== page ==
An exchange while eating my home-made tacos tonight:
Me: I could make these more often, you know. They’re scrummy!
Debbi: “Scrummy?” Is that, like, scrumptious and yummy?
Me: It sounds better than “yumptious”.
The taco recipe, by the way, comes from an ex-girlfriend. “Fitzy’s Special”, she called it. It’s ground beef, refried beans, browned onions, and spices, served in tortillas or taco shells. If I ever hear from my ex again, I’ll have to tell her how much Debbi loves it. (Okay, maybe that wouldn’t go over so well.)
The tacos are one of the few things I cook which I can make in 30 minutes or less. A lot of recipes I make take several hours, especially the Indian food which takes 30-60 minutes to prep, and then 2-3 hours to simmer. It’s scrummy, too, and makes several meals’ worth of food, but I pretty much have to make it on the weekends.
Gee, I oughta make some sometime soon!
It’s a small, all-DC week!
- All-Star Superman #10, by Grant Morrison & Frank Quitely (DC)
- Countdown to Final Crisis #5 of 52 (backwards), by Paul Dini, Adam Beechen, Keith Giffen, Jim Starlin & Rodney Ramos (DC)
- Countdown to Adventure #8 of 8, by Adam Beechen, Allan Goldman & Julio Ferreira, and Justin Gray, Fabrizio Fiorentino & Adam Dekraker (DC)
- Legion of Super-Heroes #40, by Jim Shooter, Francis Manapul & Livesay (DC)
I’ve been trying to resist commenting on Countdown to Final Crisis until it wraps up, but I can’t resist this one: The Great Disaster arrives (a concept from Kirby’s Fourth World series from the 70s, which as I’ve said before I think are silly and forgettable at best), and it’s because a member of the Legion of Super-Heroes came back from the 31st century, decided to stay, and happened to be carrying an advanced virus (“morticoccus”) which causes humans and animals (and Kryptonians, it seems) to mutate into murderous monsters.
There are still four issues to go, plus the inevitable Final Crisis series coming up, but this whole series makes basically no sense to me. Not only have many of the plot threads been seemingly-irrelevant to the main story, but the time travel element introduces logical difficulties which the story has made no effort to explain.
While there’s a certain fascination to watching the fall of the “real” DC Universe, and the audacity that it’s being handled in such a straightforward fashion – when the series involves time travel and parallel universes, it seems all too easy for them to write this one off in a few glib panels. While I suppose it’s remotely possible that this drek could be woven into a sensical story in the last 4 issues, it sure seems unlikely.
The best of the various Countdown-related comics has easily been Countdown to Adventure. Of course, it’s not the Countdown-related elements that I enjoyed; rather, it’s the unrelated material which is entertaining.
The Forerunner half of CtA has been completely pointless. She was a pointless character to start with, and is only more so here: A supremely-skilled combat expert and the last survivor of her race, she finds reason for being at the end of this tale, but since she’s pretty much a total cipher as far as her personality goes, that basically renders the whole thing, well, did I say pointless?
The headlining story is by far the reason to check out this series: The “mystery in space” characters from 52 – Adam Strange, Animal Man and Starfire – deal with an infection brought by them to both Earth and Rann which turns people into violent slaves of a religious demagogue named Lady Styx. It may sound silly, but it’s very much in the tradition of the Silver Age yarns from which Strange and Animal Man hail. All three characters undergo some decent character tests along the way: Strange is deposed as protector of Rann and replaced by a psychopathic fellow Earthman, leaving Strange wondering what his reason for living is, since he’s unable to support his family as a civilian. Animal Man’s marriage is strained after his year-long absence in space. He and Ellen are letting Starfire live with them until her powers return – if they ever do – and Ellen worries that her husband is thinking of leaving her for the statuesque alien babe. Of course, it all turns out all right in the end, but it was a fun read.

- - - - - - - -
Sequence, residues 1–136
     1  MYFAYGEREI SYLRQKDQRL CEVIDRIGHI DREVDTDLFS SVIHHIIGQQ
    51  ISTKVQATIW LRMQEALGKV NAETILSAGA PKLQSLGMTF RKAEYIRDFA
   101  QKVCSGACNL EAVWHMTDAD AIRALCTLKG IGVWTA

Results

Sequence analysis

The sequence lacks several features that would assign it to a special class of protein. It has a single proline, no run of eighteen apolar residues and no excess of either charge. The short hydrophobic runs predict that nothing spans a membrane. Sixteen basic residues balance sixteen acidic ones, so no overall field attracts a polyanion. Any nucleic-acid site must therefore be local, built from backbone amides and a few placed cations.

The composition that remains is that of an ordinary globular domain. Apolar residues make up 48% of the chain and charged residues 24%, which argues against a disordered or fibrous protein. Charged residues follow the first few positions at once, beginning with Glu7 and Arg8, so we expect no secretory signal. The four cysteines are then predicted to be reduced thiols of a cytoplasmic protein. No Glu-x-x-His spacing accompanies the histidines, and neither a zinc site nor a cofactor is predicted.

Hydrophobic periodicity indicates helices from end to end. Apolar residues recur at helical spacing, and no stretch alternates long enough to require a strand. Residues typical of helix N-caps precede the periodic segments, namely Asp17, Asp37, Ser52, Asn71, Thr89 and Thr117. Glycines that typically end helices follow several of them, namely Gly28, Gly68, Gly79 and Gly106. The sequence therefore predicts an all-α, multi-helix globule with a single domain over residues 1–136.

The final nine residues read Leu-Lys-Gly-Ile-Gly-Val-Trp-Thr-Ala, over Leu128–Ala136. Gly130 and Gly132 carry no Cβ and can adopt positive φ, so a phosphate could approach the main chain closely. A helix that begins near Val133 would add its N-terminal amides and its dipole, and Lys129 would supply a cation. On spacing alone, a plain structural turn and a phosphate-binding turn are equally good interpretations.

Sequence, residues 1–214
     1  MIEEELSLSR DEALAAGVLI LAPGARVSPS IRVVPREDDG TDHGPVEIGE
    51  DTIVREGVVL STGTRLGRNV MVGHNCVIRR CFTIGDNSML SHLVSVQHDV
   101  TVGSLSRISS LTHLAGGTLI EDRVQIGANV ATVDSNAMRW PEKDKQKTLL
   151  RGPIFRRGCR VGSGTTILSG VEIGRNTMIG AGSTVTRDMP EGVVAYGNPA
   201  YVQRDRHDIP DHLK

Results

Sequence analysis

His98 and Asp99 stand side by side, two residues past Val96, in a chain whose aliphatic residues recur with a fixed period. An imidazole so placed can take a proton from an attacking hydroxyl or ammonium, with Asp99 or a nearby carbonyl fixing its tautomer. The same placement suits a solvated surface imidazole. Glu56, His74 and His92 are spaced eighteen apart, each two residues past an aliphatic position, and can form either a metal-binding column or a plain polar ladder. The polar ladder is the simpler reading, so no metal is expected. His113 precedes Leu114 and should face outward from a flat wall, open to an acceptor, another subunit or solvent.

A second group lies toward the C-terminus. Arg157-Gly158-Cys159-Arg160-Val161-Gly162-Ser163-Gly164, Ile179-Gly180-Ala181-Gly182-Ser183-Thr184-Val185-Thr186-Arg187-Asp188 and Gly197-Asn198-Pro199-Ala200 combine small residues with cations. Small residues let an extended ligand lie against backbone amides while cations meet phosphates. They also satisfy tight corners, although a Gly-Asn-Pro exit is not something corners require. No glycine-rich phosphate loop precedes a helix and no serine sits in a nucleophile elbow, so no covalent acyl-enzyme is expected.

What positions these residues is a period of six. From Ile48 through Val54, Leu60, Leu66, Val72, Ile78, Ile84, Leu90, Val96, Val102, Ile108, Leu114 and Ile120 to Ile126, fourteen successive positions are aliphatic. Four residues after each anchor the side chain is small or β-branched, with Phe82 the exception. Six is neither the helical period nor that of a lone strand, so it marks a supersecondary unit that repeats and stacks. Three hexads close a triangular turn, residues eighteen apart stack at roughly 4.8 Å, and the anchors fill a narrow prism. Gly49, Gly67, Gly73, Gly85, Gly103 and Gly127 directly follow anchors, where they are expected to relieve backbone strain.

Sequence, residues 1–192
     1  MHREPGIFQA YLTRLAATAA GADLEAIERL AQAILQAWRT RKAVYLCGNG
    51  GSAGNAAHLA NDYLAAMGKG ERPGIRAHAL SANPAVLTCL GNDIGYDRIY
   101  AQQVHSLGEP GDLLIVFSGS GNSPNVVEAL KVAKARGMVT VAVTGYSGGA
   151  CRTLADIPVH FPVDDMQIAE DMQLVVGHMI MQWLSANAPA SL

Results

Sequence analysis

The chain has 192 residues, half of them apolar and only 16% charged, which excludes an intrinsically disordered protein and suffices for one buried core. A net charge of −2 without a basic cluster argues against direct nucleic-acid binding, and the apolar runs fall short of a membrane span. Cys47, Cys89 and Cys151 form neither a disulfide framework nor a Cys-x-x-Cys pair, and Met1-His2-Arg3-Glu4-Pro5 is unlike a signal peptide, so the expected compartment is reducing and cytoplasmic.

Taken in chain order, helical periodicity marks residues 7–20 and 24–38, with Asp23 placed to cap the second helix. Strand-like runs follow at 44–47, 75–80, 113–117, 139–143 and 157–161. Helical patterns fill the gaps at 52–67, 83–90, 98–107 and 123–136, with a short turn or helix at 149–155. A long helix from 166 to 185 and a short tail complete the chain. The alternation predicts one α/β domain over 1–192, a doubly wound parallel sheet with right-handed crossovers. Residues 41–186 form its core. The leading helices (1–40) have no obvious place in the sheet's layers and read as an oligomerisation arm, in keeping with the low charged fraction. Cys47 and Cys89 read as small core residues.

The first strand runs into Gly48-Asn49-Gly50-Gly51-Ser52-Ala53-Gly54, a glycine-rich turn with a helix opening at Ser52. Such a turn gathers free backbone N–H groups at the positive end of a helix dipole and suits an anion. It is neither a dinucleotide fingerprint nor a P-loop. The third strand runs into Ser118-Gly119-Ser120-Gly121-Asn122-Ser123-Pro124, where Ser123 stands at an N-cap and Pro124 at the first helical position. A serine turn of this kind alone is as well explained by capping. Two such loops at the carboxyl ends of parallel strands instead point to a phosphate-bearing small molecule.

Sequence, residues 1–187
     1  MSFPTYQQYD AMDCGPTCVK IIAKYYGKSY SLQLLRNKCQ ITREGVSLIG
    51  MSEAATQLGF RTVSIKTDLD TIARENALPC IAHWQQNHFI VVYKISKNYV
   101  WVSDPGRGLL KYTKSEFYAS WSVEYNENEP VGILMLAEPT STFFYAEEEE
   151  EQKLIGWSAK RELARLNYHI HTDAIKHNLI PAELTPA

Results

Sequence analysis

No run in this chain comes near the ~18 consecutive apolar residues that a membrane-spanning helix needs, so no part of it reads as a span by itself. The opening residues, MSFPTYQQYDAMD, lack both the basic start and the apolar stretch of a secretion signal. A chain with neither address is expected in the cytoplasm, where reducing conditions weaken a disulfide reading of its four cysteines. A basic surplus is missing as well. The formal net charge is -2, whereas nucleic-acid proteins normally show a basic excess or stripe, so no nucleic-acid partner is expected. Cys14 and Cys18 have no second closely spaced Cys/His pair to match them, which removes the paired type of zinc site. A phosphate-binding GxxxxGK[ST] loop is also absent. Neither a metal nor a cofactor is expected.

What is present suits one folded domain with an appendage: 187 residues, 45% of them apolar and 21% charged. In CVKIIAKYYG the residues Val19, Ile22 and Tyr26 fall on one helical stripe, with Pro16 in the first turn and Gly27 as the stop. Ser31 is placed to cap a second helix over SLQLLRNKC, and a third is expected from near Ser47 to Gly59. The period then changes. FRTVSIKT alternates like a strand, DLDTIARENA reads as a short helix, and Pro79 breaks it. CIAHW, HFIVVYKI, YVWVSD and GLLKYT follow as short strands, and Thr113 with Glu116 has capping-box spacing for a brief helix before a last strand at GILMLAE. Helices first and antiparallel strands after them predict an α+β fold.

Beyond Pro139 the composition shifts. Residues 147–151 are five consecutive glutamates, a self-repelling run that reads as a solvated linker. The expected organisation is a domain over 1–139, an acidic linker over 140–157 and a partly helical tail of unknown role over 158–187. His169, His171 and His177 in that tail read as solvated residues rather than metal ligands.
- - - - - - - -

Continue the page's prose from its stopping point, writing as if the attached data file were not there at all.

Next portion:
Adam Beechen does a good job guiding the story, and while Allan Goldman’s art is a little unpolished, it’s dynamic enough to work, and reminiscent of Norm Breyfogle at times.
I guess the characters will return in this summer’s Rann/Thanagar: Holy War, although unfortunately I find the Rann/Thanagar warfare to be pretty tedious by this point; not only is it an old idea (dating to the late 70s) but it’s addressed in little bits here and there without much sense of ever moving forward. I fear that the character bits which made CtA enjoyable will be completely lost in that series. Still, that’s no reflection on this series, which I’m almost sorry to see come to an end.
Ah, another year of fantasy baseball. Last year was extremely frustrating, since I came out of last year’s draft with what I thought was one of the best teams I’d drafted in this (very competitive) league, and then my pitching imploded and various other things went wrong. Mid-way through the season I decided that if I didn’t finish in the money that I’d drop out of the league. I ended up finishing 7th (out of 16 teams) which was the last spot in the money, so here I am, back again!
As always, the draft was held at Chris’ house down the street. I got there at 11 am to set up the wireless, which ended up going flawlessly – it worked the first time! Internet connectivity was actually great, and the draft went very smoothly. We were doing each round in about 25 minutes for the first 10 or so rounds, and it speeded up after that. It took us a little less than 9 hours to do the whole draft, which is about average. A long day, but it’s a lot of fun – which is why I do it!
My biggest regret of the draft was not taking Kurt Suzuki when I had a chance, as that left me with the true dregs for my catching slot, without even much upside. I also regret just missing out on prospect Brandon Wood. But those are fairly small regrets; overall I was pretty happy with how it turned out. I expect I’ll have a middle-of-the-road pitching staff with some upside, and a potent offense. My team is generally young (which is typical of my teams in recent years) so it could be better than I project.